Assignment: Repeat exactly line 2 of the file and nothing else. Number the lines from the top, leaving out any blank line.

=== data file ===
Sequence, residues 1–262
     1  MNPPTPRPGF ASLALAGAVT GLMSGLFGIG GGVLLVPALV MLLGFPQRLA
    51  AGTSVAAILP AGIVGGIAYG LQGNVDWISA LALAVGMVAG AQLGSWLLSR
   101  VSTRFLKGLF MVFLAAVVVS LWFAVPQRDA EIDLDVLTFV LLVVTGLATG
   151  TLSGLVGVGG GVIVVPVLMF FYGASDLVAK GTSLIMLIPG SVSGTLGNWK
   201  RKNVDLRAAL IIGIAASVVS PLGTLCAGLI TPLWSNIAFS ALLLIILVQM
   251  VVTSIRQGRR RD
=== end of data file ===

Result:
     1  MNPPTPRPGF ASLALAGAVT GLMSGLFGIG GGVLLVPALV MLLGFPQRLA